I find it a little hard to believe but today is the third anniversary of the premiere showing of Citizen McCaw, the documentary that is the definitive chronicle of the controversy that surrounded, and still surrounds, the Santa Barbara News-Press under its owner, one-time billionaire Wendy McCaw.
The LA Times described the documentary by observing:
Were it a reality show, the blurb might read something like: A reclusive and litigious animal rights-crusading blond billionaire libertarian divorcee with no journalism experience buys daily newspaper in upscale beach town and insists on doing things her way or the highway. Complications ensue.
The San Francisco Chronicle was even more to the point, asserting that it was, "the scariest film involving journalists since 'Zodiac.'"
In some ways that initial showing on Friday March 7, 2008 was like a Hollywood premiere. All that was missing was the red carpet. It seemed like half the town was there (Edhat's photo gallery from premiere night can still be viewed) with the 2,200 seat Arlington Theater being sold out days before the screening. Not a bad feat considering that tickets were $15 apiece and that the movie wasn't advertised in Santa Barbara's largest daily newspaper.
I was in the audience for that premiere and had the privilege of moderating the Q&A session that followed with director Sam Tyler, and his co-producers Peter Seaman, Chuck Minsky, Rod Lathim and cinematographer/editor Brent Sumner.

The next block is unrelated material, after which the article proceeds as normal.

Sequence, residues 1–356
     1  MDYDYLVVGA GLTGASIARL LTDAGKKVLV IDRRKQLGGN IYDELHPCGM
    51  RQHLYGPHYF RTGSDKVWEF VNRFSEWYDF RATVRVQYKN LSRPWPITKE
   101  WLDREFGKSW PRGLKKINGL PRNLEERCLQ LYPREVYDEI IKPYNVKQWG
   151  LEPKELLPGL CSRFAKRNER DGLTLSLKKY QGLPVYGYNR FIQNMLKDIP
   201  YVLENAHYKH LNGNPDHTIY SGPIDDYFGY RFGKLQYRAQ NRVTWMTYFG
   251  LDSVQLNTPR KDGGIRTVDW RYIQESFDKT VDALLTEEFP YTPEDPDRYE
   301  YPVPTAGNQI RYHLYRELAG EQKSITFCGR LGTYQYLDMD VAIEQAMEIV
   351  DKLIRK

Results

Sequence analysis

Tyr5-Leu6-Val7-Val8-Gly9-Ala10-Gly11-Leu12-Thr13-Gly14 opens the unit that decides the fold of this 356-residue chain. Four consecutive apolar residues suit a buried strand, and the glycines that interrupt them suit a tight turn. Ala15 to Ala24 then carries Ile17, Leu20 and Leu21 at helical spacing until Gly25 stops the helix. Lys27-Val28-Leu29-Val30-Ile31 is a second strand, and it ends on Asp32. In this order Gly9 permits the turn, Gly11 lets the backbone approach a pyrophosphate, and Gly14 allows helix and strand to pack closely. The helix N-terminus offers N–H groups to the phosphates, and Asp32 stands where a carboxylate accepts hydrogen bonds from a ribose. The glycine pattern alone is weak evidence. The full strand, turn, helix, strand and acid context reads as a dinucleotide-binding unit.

At the conclusion of the film, all of the former journalists and employees of the News-Press who were in attendance took the stage to a standing ovation from the audience.
Of course the town had taken sides in the News-Press controversy long-before Citizen McCaw debuted, but after it was shown there was little doubt about whose side most people were on.
McCaw evidently didn't like the way she was portrayed in the film. In the months following the premiere the producers received no less than two "cease and desist" letters from Barry Cappello, one of McCaw's attorneys, threatening to sue them if they did not stop showing the documentary which Cappello claimed contained falsehoods about McCaw.
Undaunted, the film had another round of local theatrical showings in the fall of 2008 and has been shown numerous times on the Santa Barbara Channels. Cappello never made good on his threat to take the producers to court.
If you haven't seen Citizen McCaw try going to the Santa Barbara Public Library where you can check out one of the five copies of the DVD that the producers donated. Or, you can still purchase a copy of the DVD from the Citizen McCaw website.
The most disappointing thing about this anniversary is how little has changed on the legal front since the spring of 2008. Although in the last week of 2007 an administrative law judge ruled that the News-Press had unlawfully terminated eight of its reporters in retaliation for exercising their union rights under the National Labor Relations Act and ordered them to be reinstated, McCaw appealed that decision and that appeal is still awaiting final determination by the National Labor Relations Board.
Funny, it only took a little over and year-and-a-half to bring Citizen McCaw to the screen. Those fired reporters have been waiting over three years for the final word on their fate and it's still nowhere in sight.
Cappello tells people to "cease and desist." If someone could only tell the NLRB to "sing or get off the stage."
From the Archives
Movie? What Movie?
Is Citizen McCaw a Box Office Champ?
© 2011 by Craig Smith and www.craigsmithsblog.com